When you first get a garden, you are excited to grow all kinds of plants and vegetables. However, once you start digging the soil and preparing your garden, you realize that it’s not as easy as you thought. One common problem most beginner gardeners face is a sloping garden floor. It’s okay if you feel defeated now, because it’s not something every gardener can avoid. Unfortunately, having an uneven or sloping garden means some parts will have better access to sunlight than others. To avoid having different areas of your garden wilt due to lack of sunlight, there are some tips and tricks on how to level a garden for beginners in this article that will help make things easier for you.
Let’s take a look at what garden tools you’ll need.
Why You Should Level a Garden
Sunken areas around your lawn, soggy patches that quickly form into puddles, soild subsidence caused by tree roots, and other uneven soil surfaces can be detected by observing your soil surface. To avoid creating a mess down the line, you must have a level surface if you are planning to install a patio or deck. Otherwise, the slabs or decks will sink unevenly, and it will look messy. Make sure your lawn drains adequately by keeping the ground level.
What You Will Need
– A shovel – This will be the most important gardening tool you’ll use while making your garden level. You will have to dig the soil and remove unwanted material. – A garden trowel – This will help you dig smaller and more precise holes for planting seeds and plants. – A measuring tape – You need to measure the length of your garden and the areas you will be leveling. – A garden spade – This will help you level your garden once you’ve added the shifting material. – Compost or decomposing manure – You will use this to add nutrients to your soil and help it retain water. – Topsoil – You will need this to fill the holes once you plant your seeds and plants. – A wheelbarrow – You will need something to carry your soil and compost to your garden.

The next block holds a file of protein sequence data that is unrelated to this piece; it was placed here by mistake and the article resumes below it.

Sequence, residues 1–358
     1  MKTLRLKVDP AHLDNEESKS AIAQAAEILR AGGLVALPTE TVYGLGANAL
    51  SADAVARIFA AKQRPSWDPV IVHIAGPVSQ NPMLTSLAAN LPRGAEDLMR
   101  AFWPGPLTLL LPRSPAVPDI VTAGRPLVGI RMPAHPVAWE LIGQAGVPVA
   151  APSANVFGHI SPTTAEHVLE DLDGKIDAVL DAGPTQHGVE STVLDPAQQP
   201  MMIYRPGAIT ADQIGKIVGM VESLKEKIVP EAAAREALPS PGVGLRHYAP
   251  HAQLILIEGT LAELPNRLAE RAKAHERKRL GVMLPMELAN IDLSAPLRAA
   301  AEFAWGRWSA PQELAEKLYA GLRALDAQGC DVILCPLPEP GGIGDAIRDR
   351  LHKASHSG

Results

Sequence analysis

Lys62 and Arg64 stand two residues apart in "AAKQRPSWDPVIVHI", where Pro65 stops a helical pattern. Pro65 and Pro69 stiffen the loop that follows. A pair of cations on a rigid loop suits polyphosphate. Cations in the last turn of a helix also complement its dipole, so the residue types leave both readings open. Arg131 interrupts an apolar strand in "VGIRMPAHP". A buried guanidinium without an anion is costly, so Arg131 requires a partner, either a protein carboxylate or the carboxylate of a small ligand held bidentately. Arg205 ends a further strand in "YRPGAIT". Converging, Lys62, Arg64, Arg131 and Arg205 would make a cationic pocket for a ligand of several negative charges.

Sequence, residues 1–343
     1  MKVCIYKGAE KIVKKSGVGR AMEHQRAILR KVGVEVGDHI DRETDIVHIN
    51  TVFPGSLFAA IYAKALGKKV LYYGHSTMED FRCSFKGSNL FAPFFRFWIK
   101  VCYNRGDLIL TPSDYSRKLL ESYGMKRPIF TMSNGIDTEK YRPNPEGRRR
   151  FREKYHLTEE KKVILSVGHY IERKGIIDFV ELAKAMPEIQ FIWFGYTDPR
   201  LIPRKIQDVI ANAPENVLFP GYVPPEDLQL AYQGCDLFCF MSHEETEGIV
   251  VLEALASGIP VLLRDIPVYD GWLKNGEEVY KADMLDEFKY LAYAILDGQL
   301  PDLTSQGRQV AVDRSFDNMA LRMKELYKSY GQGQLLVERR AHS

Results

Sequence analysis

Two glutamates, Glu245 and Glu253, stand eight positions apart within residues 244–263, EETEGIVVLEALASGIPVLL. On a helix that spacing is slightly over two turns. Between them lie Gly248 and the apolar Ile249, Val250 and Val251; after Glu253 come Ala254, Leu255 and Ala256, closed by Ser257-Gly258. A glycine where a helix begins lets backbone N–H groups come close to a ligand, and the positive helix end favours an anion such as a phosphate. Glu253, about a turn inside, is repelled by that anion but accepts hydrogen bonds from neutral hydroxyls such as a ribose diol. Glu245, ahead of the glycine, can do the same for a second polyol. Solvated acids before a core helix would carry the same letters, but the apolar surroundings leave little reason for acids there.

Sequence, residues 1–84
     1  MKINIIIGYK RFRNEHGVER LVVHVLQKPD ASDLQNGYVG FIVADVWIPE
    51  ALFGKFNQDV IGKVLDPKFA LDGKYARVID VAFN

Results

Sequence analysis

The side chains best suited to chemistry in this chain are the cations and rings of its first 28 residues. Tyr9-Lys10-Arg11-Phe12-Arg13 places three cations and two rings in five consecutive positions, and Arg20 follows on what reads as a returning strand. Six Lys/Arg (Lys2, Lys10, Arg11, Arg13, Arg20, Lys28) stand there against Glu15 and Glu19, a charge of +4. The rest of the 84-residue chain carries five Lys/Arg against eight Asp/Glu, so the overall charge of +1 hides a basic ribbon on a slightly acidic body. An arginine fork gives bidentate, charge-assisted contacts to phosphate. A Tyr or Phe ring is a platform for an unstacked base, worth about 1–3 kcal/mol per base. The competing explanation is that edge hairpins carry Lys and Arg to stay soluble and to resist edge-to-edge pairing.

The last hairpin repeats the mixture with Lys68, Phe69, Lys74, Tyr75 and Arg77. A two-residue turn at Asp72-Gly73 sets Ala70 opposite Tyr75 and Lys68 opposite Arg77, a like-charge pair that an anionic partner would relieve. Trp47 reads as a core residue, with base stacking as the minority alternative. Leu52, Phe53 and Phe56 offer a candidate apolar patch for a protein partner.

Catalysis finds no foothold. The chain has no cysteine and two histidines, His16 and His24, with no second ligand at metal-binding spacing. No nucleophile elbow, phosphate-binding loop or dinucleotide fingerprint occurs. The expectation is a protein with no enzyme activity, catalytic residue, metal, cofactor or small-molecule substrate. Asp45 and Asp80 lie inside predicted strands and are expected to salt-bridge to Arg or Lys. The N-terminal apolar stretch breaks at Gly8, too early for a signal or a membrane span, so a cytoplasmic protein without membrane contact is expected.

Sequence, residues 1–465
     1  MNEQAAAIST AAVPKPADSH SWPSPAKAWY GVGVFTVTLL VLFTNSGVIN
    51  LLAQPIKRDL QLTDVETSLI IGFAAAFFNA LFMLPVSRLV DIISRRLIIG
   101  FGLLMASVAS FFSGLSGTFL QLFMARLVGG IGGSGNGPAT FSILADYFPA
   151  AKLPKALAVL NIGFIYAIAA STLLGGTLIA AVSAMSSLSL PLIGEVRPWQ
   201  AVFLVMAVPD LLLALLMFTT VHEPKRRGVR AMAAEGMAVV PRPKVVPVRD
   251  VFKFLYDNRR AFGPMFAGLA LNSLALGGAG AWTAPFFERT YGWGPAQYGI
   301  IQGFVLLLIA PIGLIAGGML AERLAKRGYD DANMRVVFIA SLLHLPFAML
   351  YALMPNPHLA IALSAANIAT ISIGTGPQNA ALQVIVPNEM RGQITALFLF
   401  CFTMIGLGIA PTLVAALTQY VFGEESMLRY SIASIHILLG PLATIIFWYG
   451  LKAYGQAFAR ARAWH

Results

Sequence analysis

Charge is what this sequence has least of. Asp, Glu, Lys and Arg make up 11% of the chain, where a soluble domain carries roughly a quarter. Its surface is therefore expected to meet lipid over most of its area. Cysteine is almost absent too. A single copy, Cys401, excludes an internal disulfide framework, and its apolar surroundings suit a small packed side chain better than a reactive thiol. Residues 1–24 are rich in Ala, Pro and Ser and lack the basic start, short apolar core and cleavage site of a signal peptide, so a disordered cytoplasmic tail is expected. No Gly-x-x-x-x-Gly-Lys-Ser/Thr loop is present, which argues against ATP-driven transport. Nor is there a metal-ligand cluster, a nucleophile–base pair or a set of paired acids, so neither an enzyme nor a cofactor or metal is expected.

Step 1: Dig Your Soil
The first step when you want to level a garden is to dig up the soil and make sure there aren’t any roots or rocks in the way. If there are any large roots or rocks, cut or break them down small enough to remove. Next, add the decomposing manure or compost to the soil to add nutrients and help make your soil healthy. Be careful not to add too much compost, as you don’t want to make your soil too soggy. Now that you’ve added the compost and broken down the roots and rocks, it’s time to level your garden. If you want to do this by hand, use a spade and some elbow grease to level your soil. If you don’t have the energy for this, you can rent a rototiller. Be careful when using a rototiller, as it can make your soil too compacted if used incorrectly.
Step 2: Add A Base Layer